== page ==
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Boris faces fishermen rebellion over 'disgraceful' Brexit deal – 'Sold us down the drain'

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BORIS JOHNSON has been facing increasing calls to review the current Brexit trade deal struck with the European Union over claims he “betrayed” fishermen and let down businesses exporting into the bloc.

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Trump should not be prosecuted for Capitol riot incitement, former FBI Director James Comey says

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President Donald Trump should be convicted by the Senate, but not criminally prosecuted for inciting Capitol rioters, former FBI Director James Comey said Sunday, adding that it would give America space to “heal.”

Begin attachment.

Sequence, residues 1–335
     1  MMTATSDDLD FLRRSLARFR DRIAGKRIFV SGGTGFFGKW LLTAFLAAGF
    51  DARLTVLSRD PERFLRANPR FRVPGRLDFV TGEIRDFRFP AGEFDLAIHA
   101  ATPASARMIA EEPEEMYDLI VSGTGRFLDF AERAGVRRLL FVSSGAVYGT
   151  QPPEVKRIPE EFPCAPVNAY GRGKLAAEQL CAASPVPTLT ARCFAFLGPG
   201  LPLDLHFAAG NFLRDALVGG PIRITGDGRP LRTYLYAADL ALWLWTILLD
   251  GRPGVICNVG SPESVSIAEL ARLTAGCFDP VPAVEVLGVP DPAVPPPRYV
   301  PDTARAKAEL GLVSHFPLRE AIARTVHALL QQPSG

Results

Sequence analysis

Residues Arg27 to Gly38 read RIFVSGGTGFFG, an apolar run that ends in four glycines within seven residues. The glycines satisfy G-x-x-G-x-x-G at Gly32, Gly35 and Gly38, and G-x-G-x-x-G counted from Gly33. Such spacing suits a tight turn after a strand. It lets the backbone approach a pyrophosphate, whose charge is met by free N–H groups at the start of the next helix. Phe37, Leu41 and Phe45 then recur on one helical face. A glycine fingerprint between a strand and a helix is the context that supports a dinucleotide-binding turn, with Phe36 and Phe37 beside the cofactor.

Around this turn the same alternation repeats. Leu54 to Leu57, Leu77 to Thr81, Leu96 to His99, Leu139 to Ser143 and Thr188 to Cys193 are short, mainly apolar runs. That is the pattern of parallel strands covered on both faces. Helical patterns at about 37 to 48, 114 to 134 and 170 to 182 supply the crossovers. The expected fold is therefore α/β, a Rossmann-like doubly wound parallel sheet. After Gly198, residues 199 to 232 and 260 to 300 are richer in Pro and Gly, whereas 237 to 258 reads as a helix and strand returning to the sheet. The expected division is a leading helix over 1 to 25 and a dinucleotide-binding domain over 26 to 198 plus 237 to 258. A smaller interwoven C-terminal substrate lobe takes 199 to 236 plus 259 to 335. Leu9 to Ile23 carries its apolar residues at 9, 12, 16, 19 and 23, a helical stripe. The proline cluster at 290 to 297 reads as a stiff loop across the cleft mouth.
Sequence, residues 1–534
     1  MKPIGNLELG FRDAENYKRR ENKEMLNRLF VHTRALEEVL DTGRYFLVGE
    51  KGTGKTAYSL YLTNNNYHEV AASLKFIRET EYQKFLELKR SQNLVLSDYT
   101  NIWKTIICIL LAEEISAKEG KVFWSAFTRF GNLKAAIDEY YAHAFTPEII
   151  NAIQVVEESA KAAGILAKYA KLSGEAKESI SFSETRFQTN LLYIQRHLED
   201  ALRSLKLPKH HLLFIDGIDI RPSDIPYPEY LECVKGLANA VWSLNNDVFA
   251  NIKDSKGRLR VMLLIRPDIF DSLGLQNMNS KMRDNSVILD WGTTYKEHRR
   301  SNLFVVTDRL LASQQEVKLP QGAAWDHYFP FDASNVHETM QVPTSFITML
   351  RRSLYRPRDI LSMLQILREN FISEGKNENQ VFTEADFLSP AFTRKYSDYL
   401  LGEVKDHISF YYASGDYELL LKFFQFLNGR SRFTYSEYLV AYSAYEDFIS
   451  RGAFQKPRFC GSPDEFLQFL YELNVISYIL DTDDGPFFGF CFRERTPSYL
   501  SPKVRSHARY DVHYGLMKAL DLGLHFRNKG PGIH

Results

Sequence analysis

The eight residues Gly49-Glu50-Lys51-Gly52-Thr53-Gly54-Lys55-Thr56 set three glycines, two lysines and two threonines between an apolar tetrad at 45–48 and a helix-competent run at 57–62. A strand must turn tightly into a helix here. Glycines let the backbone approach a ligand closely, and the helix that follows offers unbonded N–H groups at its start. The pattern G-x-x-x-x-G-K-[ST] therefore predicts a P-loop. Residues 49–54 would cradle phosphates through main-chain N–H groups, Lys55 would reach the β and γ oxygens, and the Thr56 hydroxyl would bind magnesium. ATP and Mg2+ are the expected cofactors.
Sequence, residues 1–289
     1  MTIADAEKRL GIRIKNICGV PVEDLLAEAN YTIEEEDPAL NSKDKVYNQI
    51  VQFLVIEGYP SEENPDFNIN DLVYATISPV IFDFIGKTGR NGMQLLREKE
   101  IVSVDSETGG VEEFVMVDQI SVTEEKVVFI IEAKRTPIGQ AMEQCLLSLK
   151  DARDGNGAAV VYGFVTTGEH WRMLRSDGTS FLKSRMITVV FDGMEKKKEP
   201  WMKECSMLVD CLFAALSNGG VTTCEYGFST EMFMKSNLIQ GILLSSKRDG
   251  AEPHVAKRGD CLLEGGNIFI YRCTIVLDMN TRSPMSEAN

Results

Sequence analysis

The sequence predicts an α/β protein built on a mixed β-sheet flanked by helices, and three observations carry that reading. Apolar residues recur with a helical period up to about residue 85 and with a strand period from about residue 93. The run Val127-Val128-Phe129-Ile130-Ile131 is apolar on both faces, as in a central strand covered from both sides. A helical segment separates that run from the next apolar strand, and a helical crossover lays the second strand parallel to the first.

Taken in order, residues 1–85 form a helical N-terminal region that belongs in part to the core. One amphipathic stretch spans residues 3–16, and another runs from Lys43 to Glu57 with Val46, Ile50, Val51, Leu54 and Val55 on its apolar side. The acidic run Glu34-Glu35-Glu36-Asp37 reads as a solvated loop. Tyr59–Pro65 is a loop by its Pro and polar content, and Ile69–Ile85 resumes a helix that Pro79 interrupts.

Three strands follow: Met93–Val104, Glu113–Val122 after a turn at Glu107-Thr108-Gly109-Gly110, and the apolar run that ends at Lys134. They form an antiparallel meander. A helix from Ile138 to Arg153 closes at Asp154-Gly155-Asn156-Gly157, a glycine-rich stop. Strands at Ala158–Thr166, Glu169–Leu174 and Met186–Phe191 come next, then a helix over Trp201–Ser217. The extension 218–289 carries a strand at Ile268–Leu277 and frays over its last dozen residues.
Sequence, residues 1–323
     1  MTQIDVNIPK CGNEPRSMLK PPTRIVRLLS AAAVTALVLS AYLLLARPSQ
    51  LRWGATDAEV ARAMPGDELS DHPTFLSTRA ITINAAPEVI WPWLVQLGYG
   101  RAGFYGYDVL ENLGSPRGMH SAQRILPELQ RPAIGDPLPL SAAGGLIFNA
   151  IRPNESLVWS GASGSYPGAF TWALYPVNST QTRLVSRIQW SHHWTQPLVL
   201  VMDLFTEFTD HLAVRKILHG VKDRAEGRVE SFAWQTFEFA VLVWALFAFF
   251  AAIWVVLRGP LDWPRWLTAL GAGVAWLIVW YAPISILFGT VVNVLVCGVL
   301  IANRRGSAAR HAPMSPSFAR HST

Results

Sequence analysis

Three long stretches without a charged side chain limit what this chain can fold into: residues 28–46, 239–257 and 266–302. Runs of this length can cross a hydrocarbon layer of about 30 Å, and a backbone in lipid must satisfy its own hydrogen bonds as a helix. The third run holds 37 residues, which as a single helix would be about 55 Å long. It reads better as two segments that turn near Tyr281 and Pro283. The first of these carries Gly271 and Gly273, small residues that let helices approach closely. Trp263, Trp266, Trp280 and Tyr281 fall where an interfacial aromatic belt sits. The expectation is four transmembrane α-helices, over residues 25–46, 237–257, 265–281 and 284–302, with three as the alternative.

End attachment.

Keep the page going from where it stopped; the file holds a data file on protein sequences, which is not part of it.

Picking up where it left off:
“The country would be better off if we did not give him the platform that a prosecution would for the next three years,” Comey told British broadcaster Sky News, which like NBC News, is owned by Comcast Corp.

“Instead, turn off the camera lights,” said Comey, who was fired from his role as FBI Director in 2017 by Trump while he was leading a probe into the president’s 2016 presidential campaign’s possible collusion with Russia, added.

“I’d like to see some of the lights go out and he can stand on the front lawn at Mar-a-Lago and shout at cars in his bathrobe and none of us will hear it,” he said.